For example frontend side, if you want to manage retoure error messages, it is necessary to place a former condition (if isset ($ errors [‘input my name’]) $ errors [‘input my name’]: null , While in codeigniter and other frameworks just had to add form_errors (’email’); much simpler to implement unless I have not yet seen how.

          • Yeah, I would love to see an amazing Form class available, it would be even better if it wasn’t too coupled with a specific framework.

            PHP is only just getting around to using framework agnostic packages after years of forcing the developer to fully commit to a single framework, so one step at a time! :P haha

            I think a lot can be taken from other frameworks and languages, so hopefully something does come a long. Like I said above, I can imagine it being pretty difficult to really make a robust Form package that would fit into any framework or that can be used in vanilla PHP. Kudos to anyone who manages to do it :)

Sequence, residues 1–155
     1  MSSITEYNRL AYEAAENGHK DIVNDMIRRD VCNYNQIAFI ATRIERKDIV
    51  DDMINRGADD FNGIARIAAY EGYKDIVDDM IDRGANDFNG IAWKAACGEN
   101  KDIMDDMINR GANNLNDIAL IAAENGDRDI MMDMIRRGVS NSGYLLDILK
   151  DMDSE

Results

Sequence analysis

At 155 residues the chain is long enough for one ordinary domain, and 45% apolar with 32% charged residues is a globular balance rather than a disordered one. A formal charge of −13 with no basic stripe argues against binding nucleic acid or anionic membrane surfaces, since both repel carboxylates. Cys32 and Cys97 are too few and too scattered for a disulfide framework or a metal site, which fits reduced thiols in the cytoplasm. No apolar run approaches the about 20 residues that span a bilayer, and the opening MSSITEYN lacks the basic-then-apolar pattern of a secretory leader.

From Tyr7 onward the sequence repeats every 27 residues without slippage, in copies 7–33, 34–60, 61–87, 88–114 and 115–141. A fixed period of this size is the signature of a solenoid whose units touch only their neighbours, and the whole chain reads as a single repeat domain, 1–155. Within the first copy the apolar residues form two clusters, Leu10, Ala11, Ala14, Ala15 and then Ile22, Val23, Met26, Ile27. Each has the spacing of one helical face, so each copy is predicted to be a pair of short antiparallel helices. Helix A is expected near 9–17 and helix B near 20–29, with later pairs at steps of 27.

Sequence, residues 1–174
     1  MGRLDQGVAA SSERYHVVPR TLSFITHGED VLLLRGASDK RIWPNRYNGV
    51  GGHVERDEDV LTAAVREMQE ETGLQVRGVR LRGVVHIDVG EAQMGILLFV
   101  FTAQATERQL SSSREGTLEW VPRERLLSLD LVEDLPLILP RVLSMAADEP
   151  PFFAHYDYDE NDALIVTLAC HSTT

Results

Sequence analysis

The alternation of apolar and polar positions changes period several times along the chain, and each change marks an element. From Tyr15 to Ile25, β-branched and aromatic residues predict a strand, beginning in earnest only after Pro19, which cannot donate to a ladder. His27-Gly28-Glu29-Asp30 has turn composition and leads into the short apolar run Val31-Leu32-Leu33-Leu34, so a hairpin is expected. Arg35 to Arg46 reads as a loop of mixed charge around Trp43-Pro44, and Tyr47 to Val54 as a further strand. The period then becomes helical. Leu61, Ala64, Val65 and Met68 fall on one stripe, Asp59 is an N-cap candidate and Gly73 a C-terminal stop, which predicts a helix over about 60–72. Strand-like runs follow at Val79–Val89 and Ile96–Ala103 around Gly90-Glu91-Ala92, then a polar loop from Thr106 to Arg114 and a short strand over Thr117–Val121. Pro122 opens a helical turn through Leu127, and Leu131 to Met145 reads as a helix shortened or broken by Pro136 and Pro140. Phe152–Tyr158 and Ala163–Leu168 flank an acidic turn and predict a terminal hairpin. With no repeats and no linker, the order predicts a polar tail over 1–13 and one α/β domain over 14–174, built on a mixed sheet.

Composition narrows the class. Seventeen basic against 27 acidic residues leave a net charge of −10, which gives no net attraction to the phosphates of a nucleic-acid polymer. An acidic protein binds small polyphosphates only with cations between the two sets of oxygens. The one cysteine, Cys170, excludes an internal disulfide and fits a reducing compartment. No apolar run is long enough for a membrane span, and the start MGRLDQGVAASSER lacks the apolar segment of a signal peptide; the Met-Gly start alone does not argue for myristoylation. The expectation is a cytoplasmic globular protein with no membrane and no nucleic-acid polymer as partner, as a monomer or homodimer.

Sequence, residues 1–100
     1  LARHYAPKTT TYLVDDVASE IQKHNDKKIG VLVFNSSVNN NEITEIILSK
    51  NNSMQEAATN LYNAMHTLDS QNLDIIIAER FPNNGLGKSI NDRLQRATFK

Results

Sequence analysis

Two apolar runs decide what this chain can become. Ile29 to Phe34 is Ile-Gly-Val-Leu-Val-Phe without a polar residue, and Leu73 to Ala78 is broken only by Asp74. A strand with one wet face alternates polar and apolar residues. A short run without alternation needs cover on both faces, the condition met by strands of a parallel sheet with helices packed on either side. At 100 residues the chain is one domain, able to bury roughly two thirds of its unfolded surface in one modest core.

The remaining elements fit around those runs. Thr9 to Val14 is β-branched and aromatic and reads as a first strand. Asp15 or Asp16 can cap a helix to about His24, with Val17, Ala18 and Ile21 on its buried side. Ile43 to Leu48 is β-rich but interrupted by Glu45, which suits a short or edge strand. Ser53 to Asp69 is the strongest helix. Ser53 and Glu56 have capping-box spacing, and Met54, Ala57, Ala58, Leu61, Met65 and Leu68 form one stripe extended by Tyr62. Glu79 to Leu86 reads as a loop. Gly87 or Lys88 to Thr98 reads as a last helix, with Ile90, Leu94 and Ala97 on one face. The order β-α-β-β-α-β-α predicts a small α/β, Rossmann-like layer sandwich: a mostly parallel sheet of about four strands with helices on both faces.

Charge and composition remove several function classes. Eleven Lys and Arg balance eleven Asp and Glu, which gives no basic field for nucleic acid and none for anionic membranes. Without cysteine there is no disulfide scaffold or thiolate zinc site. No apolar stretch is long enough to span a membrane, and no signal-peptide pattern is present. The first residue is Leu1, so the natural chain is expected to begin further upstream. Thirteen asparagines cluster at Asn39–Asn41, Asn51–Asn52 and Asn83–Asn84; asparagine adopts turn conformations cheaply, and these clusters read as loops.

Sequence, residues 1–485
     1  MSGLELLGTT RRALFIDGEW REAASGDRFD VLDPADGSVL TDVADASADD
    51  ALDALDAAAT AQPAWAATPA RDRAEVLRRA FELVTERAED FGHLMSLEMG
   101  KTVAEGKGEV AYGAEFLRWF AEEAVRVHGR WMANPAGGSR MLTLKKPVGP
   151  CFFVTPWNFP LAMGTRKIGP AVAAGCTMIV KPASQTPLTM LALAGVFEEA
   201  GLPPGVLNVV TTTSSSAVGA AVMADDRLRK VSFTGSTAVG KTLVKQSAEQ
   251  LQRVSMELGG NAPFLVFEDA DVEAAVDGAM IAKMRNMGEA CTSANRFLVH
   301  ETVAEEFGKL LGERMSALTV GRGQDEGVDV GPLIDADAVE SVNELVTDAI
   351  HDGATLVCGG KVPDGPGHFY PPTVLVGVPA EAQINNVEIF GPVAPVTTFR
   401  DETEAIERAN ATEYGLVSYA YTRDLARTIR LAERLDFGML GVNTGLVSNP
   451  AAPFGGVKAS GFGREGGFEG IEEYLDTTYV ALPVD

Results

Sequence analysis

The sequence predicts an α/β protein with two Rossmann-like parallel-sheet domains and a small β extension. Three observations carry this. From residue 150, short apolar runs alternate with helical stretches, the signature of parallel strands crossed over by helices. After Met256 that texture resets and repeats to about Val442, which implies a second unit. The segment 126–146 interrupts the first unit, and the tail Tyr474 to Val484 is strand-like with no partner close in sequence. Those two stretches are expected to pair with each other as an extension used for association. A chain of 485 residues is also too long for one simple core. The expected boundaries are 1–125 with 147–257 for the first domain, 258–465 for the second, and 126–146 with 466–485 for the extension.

• Eric

            yes indeed, SensioLabs creators symfony on this plan is done things by giving convetions architecture and development in some standard isp-0 and co and their own convention, which standardizes a little all developments for a framework. I think it’s actually great as you say, before we were forced to learn, develop or use a module for such framework, but now I think the trend will be to factor all its dev according to this convention has sensiolab the direction shown. Laravel have the same philosophy, so that a package (if it is standalone) can be easily adapted to another framework.
            Alas, I’m not sure FuelPHP follow the same direction (I’m not sure) why phile sturgeon left the team FuelPHP probably. We will see later

          • Yeah exactly. The quicker PHP can get to the same position as Ruby Gems the better in my opinion!

          • robertlagrant

            As someone who last used Django for something and now is using Laravel, Django makes it so easy to make forms that even this is tedious. E.g. simple stuff such as CSRF being built in rather than needing any code; you can use ModeLForms to turn a model into a form instantly, and then get plugins to, say, make them into Bootstrap forms just with a line of code instead of needing to enumerate the fields.